The CDC Says This New Delayed Vaccine Side Effect Is Hitting Mostly Men

·3 min read

Since the COVID vaccines were first injected into people's arms in clinical trials in the summer of 2020, experts have been monitoring patients' reactions carefully. Most have fallen into the category of normal side effects your body experiences as it mounts an immune response, but there have been some reactions that have caused concern, like the blood clots linked to Johnson&Johnson that led to a pause on the vaccine. Recently, another new delayed vaccine side effect, called myocarditis, has experts on alert—and, according to the Centers for Disease Control and Prevention (CDC), it's mostly affecting men.

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Myocarditis, which is inflammation of the heart muscle, has recently been cropping up since the age of vaccination was dropped to include those 12 and over. And it's not an immediate reaction, either. According to the CDC, the adverse effect is occurring "mostly in male adolescents and young adults age 16 years or older … typically within several days after COVID-19 vaccination."

Now, a new study published in the medical journal Pediatrics on June 4 has analyzed the cases of seven men between the ages of 14 and 19 who received the Pfizer vaccine who went to the hospital after experiencing chest pains and were diagnosed with myocarditis. The Associated Press reports that all of the patients were able to go home after two to six days in the hospital.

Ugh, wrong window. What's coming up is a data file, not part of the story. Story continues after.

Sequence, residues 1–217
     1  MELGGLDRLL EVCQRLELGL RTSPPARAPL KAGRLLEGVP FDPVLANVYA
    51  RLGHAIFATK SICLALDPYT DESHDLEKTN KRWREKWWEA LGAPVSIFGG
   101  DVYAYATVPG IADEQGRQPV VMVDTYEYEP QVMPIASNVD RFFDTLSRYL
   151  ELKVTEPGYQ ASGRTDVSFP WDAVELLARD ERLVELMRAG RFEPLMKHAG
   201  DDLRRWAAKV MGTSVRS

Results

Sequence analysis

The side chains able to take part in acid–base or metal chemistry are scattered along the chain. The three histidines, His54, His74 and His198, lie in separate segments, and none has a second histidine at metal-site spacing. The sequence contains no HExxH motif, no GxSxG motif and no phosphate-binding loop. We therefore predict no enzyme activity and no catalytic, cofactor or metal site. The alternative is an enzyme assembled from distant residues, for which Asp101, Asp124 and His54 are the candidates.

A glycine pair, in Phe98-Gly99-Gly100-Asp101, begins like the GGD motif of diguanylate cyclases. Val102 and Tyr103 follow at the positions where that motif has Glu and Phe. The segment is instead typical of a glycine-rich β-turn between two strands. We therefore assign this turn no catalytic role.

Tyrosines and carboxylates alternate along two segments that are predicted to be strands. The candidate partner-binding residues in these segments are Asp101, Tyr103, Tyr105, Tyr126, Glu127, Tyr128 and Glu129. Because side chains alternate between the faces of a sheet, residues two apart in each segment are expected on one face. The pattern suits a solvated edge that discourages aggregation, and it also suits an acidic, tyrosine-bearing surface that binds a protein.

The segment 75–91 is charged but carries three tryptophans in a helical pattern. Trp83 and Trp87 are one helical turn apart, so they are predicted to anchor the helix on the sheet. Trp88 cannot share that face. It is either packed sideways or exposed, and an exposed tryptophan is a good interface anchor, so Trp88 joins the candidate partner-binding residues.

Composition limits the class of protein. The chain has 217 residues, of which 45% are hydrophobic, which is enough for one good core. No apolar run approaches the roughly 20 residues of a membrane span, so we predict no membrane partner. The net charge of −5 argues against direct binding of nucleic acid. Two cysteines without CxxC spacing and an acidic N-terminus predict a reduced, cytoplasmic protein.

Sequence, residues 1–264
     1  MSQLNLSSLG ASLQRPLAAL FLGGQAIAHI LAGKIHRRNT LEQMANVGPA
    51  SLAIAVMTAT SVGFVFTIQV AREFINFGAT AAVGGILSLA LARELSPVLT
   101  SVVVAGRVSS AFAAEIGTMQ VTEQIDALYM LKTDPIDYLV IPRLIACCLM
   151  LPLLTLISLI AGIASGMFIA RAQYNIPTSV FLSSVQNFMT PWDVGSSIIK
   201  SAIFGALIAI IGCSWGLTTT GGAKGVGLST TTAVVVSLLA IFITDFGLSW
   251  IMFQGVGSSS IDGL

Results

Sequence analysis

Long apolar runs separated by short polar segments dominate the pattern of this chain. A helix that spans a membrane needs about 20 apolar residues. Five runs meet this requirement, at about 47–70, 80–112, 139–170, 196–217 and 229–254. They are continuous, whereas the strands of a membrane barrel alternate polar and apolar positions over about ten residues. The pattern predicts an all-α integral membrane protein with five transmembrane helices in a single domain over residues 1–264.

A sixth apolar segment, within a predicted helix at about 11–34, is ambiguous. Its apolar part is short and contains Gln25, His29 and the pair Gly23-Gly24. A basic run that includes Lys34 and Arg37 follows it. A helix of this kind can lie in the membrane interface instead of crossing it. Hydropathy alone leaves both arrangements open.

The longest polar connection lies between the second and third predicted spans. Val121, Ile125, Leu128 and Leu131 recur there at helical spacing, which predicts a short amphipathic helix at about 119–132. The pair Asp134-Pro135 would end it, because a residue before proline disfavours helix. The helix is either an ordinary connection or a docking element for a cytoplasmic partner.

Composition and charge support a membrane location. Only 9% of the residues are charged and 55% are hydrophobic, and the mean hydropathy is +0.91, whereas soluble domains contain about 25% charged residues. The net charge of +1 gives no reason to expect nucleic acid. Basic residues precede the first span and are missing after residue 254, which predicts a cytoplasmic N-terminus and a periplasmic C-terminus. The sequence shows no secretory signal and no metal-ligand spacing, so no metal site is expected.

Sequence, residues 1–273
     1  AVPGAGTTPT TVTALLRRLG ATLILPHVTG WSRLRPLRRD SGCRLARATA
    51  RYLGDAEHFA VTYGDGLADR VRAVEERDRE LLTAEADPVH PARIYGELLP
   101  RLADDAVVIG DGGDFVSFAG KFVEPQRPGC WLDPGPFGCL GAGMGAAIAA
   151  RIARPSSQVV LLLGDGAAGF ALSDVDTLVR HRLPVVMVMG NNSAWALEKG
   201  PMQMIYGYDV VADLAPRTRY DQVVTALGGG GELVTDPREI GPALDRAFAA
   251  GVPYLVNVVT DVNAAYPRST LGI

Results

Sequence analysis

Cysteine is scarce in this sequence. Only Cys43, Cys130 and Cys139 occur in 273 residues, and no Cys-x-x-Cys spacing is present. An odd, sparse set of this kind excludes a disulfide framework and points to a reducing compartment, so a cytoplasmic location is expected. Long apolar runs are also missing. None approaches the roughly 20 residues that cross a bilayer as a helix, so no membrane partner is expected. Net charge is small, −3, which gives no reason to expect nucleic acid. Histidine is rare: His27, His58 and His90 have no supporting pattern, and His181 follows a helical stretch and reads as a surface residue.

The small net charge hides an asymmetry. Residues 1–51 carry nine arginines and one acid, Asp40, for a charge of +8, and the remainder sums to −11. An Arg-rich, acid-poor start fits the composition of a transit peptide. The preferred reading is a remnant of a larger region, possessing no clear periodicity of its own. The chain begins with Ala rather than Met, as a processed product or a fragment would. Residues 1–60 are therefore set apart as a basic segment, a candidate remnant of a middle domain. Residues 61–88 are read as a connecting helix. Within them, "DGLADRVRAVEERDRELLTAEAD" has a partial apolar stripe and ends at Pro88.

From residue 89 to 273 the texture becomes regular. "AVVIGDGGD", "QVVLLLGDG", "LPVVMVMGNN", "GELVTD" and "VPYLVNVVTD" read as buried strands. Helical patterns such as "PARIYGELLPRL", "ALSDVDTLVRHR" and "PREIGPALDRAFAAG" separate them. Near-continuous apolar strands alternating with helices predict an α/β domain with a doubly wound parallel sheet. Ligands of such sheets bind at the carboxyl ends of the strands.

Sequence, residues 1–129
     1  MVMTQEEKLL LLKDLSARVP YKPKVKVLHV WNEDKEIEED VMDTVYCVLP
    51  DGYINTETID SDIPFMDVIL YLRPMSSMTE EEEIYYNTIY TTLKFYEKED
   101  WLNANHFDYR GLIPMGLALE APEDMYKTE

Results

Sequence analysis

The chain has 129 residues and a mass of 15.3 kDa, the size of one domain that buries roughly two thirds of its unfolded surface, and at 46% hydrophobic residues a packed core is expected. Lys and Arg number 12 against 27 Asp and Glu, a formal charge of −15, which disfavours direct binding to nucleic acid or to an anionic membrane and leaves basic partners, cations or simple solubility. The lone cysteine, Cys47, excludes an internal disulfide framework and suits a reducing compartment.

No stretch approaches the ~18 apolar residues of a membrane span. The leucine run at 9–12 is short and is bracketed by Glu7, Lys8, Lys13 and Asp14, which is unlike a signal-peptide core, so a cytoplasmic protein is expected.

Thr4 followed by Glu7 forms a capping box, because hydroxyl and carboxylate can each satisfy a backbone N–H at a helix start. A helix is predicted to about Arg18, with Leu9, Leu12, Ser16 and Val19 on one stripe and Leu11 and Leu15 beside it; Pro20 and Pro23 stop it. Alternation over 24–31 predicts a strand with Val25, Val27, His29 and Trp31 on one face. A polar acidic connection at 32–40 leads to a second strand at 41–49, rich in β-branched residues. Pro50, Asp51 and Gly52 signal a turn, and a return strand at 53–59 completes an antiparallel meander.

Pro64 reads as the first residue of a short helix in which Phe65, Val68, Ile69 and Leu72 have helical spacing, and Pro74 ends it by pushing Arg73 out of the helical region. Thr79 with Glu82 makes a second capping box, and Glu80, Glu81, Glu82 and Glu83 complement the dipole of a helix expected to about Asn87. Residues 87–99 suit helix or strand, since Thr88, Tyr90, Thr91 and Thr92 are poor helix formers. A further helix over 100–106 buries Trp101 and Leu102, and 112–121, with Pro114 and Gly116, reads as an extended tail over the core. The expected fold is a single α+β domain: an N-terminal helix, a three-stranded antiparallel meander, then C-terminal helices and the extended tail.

Additionally, a June 1 study out of Israel's Health Ministry looked at the 275 reported cases of myocarditis among the country's more than five million vaccinated people between Dec. 2020 and May 2021. According to Reuters, the researchers concluded that "there is a probable link between receiving the second dose (of Pfizer) vaccine and the appearance of myocarditis among men aged 16 to 30." The CDC also says myocarditis is more commonly reported after the second dose than the first dose.

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In April, the CDC warned healthcare professionals that they were monitoring a handful of reports of myocarditis in young adults and teenagers who had gotten an mRNA vaccine. Both Pfizer and Moderna are mRNA vaccines, but currently, only Pfizer is approved for people under the age of 16 in the U.S. The CDC is currently investigating the potential link between myocarditis and these COVID vaccines, however, the agency continues to recommend that everyone 12 years and older get vaccinated.

The exact number of cases in the U.S. is unclear. NBC reports that the Department of Defense is investigating 14 cases among members of the military. So far, there have also been 18 cases in Connecticut, seven in New York, three in Idaho, six in Oregon, and four in Colorado, bringing the total to at least 52.

According to the CDC, signs of myocarditis include chest pain, shortness of breath, and feeling like you have a fast, fluttering, or pounding heartbeat. If you or your child experience any of these side effects within a week of vaccination, the agency says to seek medical care.

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